The initiative to legalize slots at the racetrack proposes a 10 percent annual tax on slots revenue.

The Guam Greyhound has stated it will not operate casino-type gambling, and that it will limit itself to slots.

With the slot machines at the racetrack, Anderson said: "One thing I can guarantee you -- no children will be left in cars."

The racetrack will have a security system that can spot children left unattended in cars, and there also is a plan to provide child care to the young children of racetrack patrons in response to tour operators' input, the Greyhound management stated.

ABOUT THE INITIAVE
• The "Initiative to Revitalize Tourism in Guam and Generate Revenue for Health Care and Public Education by Allowing Slot Machine Gaming" proposes legalizing slot machines at an existing racetrack where a pari-mutuel betting system is in place. The betting system is used at the Guam Greyhound, a dog racetrack.
• It says "the tax would be used to subsidize (1) health care costs, including prescription drugs for Guam residents, (2) education, including improvements to the physical condition of Guam schools, and (3) other programs for the general well-being of the territory."

Anderson envisions arts center in new role
Anderson said the racetrack's plan to build a performing arts center was part of what convinced him to hop aboard Guam Greyhound's campaign for legalizing slot machines, which will be limited to the racetrack.

"He's got a genuine interest in turning this into a performing arts center," Anderson said of John Baldwin, new owner of the Greyhound.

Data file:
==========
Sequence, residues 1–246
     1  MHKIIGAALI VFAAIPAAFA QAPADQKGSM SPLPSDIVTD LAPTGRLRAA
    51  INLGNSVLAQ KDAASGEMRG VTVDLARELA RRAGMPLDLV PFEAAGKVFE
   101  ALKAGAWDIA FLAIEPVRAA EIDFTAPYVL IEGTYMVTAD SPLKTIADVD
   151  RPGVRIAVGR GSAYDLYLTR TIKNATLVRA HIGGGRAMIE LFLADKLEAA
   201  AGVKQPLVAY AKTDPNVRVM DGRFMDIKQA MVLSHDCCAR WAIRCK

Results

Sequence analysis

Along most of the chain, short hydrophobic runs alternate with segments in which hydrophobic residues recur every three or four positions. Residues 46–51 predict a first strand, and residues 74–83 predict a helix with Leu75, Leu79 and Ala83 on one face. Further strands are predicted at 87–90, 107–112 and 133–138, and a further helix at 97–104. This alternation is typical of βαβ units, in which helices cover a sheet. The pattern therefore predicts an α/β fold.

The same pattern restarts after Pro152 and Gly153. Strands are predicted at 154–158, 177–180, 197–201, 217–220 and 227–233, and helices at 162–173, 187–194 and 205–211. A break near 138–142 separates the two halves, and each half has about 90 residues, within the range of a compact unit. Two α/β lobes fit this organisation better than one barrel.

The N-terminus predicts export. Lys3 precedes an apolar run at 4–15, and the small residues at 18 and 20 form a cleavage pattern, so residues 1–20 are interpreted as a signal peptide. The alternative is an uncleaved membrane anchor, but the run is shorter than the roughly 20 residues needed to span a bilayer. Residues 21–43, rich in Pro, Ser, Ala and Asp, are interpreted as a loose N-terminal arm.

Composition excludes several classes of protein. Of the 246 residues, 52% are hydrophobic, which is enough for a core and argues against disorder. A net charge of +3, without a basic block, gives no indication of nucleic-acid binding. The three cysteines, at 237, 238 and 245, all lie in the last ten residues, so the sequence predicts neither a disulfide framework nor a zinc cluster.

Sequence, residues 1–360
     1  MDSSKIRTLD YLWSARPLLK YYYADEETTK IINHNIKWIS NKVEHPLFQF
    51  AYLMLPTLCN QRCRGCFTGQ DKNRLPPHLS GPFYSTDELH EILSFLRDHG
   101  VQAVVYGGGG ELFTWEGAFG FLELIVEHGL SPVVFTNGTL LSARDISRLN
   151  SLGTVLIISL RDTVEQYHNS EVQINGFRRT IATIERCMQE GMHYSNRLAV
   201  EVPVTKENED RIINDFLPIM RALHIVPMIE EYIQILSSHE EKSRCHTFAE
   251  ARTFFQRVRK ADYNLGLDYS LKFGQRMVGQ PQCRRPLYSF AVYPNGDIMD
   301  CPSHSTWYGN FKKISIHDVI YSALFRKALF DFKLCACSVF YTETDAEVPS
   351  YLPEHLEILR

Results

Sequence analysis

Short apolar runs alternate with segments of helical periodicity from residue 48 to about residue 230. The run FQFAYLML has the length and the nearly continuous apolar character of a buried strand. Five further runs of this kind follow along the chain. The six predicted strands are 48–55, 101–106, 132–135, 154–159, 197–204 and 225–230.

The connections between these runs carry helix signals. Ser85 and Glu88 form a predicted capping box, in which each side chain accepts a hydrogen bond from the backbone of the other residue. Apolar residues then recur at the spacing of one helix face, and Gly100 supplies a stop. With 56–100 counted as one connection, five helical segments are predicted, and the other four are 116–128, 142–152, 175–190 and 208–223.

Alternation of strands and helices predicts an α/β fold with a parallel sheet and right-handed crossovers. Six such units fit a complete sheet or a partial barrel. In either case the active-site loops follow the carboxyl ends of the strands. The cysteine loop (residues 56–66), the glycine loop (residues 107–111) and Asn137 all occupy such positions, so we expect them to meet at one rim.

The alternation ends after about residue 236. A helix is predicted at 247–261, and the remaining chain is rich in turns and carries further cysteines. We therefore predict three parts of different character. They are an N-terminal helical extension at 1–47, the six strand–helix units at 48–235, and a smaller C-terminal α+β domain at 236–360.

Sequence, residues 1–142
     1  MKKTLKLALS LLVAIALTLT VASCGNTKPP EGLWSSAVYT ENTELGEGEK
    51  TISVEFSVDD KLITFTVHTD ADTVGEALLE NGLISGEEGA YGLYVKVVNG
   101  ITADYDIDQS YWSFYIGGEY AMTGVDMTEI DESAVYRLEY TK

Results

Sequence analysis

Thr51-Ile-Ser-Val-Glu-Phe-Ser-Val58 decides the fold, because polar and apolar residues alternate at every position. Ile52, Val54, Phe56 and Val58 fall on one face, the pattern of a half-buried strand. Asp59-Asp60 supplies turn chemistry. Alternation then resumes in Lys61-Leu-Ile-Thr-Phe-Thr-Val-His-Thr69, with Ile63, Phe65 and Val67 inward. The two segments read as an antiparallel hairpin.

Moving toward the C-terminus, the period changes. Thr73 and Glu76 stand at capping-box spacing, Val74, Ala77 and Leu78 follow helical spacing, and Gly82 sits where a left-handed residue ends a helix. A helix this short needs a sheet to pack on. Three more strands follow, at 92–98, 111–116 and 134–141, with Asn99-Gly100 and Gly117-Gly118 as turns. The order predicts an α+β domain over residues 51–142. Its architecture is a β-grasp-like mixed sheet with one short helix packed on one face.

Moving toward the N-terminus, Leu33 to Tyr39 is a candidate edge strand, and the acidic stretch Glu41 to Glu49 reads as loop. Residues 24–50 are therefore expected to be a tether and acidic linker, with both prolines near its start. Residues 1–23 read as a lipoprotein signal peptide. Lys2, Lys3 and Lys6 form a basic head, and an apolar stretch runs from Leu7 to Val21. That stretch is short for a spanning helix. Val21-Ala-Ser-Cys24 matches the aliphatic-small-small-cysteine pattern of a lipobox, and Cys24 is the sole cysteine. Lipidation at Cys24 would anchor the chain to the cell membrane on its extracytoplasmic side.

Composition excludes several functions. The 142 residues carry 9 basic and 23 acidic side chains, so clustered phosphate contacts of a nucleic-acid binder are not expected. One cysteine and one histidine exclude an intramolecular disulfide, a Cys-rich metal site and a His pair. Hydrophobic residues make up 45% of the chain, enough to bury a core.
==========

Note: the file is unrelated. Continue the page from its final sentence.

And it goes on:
The performing arts project, however, will happen only if the slot-machines proposal becomes a reality, Baldwin said.

Nation gambles $15.5bn a year
The preferred form of gambling is in poker and gaming machines, with takings from the descendants of one-armed bandits now reaching $8.7 billion, or $1 billion more than in 2000-01.

But the big rise in takings worries South Australian No Pokies Independent MP Nick Xenophon.

"These latest figures make a mockery of state governments' so-called harm minimisation efforts," he said.

"They've now been exposed as largely window dressing rather than real reforms."

"The only reform that's taken place over the last few years has been the Victorian government banning smoking, which had an initial impact of 10 or 15 per cent in 2002," he said.

The Salvation Army's coordinator of recovery services for Queensland, NSW and the ACT, Gerard Byrne, said a secondary roll-out of pokie licences in recent years, particularly in pubs, had made them more available to people.

"What we've seen as a result of that is an increase in the people who are reporting, either as their primary dependence problem or secondary dependence problem, problem gambling," he said.

"The vast majority of them report their problem to be electronic gaming machines."

Mr Byrne said the Salvos would like to see a rollback of pokie licences.


Now, Guambat is not opposed to gambling, per se. Hell, Guambat "plays" the futures market, which is a pretty tough gamble. And Guambat had a flutter on every Melbourne Cup over the last 17 years.

More to the point, there are some very nice people involved. Guambat reckons Jon Anderson to be one very decent chappie.

Guambat's point is not to come down hard on gambling. The point must be, however, to carefully weigh the form, extent and consequence of the form of community-supported gambling. The point is that some things are not harmful in particular doses or in particular instances.

Guambat is fond of a tipple or two, and the community condones that. But in excess or in the wrong circumstance, a tipple or two could lead to harm, to Guambat or others, and the community needs to remain mindful of that and establish tight controls to minimise that potential for harm. So, too, with legalised gambling.